From a transcript of the Ford 2004 F-150 television commercial: “. . . a material behind the dash called Quiet Steel. Only the new F-150 has it. Which means it’s the only truck to deliver this: the sound of quality. The sound of the quietest pickup. Period.”
Quiet Steel, a product of Material Sciences Corp. (matsci.com), is a tailored steel, specifically engineered to attenuate specific vibrations, thereby reducing noise. It is a sandwich material, with a 0.001-in. viscoelastic layer bonded between two layers of cold-rolled steel; the steel can be coated as required by the specific application.
The material has had some notable, highly visible applications over the years. You may recall a TV ad for the Ford F-150 from a few years back where the use of Quiet Steel—for a dash panel—was cited as an advantage of the vehicle.
Among the applications that Cliff Nastas, Material Sciences CEO, ticks off as being prime application areas, in addition to the dash panel, are floor panels, wheel wells, and cowl plenums. And the steel is being used also for oil pans, transmission covers, and engine covers.
In some regards, this may seem like old news.
But Nastas says, “Over the last few years, the use of Quiet Steel in body structures has declined.”
And the reason, he suggests, is the economic crisis that the industry went through. If you’re looking at deadening sound, then there are a whole lot of ways that it can be accomplished, from using thicker carpet backings to using liquid applied sound deadener (LASD) and mastics. All of these are low-cost means to reduce cabin noise.
Times have changed in the last few years, and with them, requirements. Every vehicle manufacturer nowadays tends to tout the quietness of its new vehicles. There is certainly a customer expectation that they’re able to hear their new infotainment system with a fidelity not marred by, say, engine noise, and that their voice recognition system will be able to understand their commands without road noise getting in the way. NVH (noise, vibration, harshness) is an area of particular concern for the OEMs.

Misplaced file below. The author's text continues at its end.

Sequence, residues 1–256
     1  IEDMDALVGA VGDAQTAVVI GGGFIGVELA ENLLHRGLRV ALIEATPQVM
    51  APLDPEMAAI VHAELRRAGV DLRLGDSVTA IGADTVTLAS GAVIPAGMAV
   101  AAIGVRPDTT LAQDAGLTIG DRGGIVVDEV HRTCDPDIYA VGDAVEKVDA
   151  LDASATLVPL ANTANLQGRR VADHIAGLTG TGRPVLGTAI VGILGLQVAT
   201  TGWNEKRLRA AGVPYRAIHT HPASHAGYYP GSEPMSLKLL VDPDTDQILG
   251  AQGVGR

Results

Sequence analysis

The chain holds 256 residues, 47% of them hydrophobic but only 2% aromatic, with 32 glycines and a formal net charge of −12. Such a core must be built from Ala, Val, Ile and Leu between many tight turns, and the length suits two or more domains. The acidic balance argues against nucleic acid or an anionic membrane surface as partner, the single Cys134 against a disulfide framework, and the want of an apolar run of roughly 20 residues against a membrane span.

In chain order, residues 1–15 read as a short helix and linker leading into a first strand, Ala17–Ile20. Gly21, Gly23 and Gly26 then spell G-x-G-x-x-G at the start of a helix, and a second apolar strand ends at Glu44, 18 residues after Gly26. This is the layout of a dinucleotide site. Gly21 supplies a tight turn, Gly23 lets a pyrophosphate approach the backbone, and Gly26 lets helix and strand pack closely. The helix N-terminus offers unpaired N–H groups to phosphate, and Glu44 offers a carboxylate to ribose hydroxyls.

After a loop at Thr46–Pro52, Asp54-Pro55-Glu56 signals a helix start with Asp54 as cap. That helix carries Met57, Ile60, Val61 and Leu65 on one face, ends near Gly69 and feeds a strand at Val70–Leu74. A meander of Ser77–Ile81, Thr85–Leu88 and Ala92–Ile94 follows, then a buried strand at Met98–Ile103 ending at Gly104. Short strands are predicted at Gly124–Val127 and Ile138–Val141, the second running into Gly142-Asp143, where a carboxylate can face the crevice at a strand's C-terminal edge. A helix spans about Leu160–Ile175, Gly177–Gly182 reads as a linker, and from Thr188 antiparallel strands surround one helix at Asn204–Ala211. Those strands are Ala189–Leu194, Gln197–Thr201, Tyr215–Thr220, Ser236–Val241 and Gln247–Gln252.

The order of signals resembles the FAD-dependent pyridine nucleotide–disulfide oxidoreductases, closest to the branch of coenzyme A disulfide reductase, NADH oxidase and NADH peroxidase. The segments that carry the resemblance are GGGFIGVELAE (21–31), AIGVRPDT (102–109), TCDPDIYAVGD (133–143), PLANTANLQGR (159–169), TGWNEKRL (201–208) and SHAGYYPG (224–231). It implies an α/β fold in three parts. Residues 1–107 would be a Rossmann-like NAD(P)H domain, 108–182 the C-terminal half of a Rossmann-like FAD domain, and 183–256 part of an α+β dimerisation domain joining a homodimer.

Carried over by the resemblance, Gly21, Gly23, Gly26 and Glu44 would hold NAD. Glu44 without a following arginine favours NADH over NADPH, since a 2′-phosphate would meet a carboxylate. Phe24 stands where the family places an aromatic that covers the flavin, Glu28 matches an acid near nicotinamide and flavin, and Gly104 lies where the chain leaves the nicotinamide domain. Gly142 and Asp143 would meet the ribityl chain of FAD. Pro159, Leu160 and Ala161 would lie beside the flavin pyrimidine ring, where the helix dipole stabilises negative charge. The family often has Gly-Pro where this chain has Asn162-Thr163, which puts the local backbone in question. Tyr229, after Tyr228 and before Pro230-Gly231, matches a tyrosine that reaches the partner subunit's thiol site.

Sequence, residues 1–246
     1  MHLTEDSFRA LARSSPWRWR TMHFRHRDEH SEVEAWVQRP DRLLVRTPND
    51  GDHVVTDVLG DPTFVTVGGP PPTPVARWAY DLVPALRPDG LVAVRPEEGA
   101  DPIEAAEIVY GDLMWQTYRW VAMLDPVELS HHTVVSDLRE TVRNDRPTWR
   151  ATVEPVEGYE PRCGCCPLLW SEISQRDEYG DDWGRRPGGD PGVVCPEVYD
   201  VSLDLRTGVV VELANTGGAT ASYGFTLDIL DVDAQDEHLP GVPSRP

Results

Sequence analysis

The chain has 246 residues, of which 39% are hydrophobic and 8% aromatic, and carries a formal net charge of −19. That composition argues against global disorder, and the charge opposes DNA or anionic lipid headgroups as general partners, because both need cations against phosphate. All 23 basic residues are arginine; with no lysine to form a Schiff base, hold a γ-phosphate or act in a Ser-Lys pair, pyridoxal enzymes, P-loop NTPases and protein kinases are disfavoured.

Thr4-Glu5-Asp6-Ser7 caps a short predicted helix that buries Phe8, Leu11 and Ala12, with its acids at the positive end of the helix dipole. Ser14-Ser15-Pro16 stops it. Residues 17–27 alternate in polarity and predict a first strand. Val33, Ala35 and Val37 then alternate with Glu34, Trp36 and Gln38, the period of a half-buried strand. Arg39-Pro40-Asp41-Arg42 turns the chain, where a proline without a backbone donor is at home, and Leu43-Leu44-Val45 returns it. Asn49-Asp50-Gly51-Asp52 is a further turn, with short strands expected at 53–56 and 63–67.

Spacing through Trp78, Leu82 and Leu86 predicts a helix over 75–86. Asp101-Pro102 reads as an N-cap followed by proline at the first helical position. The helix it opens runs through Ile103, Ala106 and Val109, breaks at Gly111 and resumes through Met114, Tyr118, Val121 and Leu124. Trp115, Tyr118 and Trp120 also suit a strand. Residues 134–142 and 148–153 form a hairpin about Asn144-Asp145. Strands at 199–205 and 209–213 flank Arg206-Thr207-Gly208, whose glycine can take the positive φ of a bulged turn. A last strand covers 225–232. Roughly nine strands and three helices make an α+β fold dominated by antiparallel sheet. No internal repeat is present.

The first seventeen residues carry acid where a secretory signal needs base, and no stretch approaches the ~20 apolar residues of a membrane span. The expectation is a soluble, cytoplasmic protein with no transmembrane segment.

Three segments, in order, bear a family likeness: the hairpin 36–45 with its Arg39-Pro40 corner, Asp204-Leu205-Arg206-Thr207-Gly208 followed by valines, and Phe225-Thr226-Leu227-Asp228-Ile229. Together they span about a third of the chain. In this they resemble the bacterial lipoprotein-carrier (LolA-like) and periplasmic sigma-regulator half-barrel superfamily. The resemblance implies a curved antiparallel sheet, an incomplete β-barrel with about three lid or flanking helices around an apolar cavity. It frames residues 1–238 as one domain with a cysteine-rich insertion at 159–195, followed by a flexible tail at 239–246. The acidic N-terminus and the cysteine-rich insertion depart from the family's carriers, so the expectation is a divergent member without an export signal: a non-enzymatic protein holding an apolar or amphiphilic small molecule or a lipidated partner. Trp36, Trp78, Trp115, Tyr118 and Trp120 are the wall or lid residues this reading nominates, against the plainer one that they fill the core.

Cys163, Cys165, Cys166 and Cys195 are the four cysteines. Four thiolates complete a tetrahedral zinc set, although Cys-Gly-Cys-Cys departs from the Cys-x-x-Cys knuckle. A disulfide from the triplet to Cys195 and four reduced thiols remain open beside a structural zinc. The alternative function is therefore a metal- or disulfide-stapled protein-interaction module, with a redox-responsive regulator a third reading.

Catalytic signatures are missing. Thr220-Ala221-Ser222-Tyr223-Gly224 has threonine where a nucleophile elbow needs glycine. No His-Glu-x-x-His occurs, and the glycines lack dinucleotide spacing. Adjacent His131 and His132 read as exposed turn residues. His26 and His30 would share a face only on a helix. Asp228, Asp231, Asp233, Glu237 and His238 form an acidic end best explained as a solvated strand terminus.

Another change is that there is a greater proliferation of small and midsize cars. Which means that the occupants of the cabin are closer to the sources of noise than they would be in, for example, an F-150. What makes the smaller cars more challenging is that because they are smaller, there are packaging issues: OEMs are working
to keep the size of the cabins as large as possible and boast when they add half an inch here or there, so doing things like increasing the thickness of carpet backing isn’t advantageous for that effort.
And what is perhaps the biggest change, is now that OEMs are facing increased fuel economy standards, mass reduction is becoming an essential undertaking. Taking weight out is essential, but it is not being done at any cost.
So the new argument for Quiet Steel, which is not old news, is that it, says Nastas, can “offer a substantial mass reduction and in many cases a cost-save” compared with using the less expensive (as in purchase cost) materials. “When you use Quiet Steel,” he says, “you can eliminate other materials that weigh more without sacrificing the acoustical properties.”
Nastas says there have been instances where they lost the business because the material had a cost premium of $2 or so for the application, but had it been used, it could have resulted in a mass save on the order of 6 lb. He goes on to say that as OEMs are spending about $2.50 per vehicle to reduce the weight by a single pound, saving 6 lb. for $2 makes economic sense: “If there is a mass save and a cost save, it’s a home run.”
Of course, in many vehicle develop-ment programs there are the people who are working NVH over here and the people concerned with mass over there and the people concerned with budgets up there. So the need is for a more systemic approach to dealing with these issues. What’s more, Nastas admits that his company’s material “is not the answer for every body part. It is predicated on the design of the vehicle, the infrastructure of the vehicle, and what they are trying to achieve.”
According to Bilal Bizzi, MSC’s Auto-motive strategic account manager for North America, if there is early involvement during the design phase of a program, “We can do CAE [computer-aided engineering] and predict where there is the best use of Quiet Steel panels so as to avoid weight and secondary operations like applying LASD.”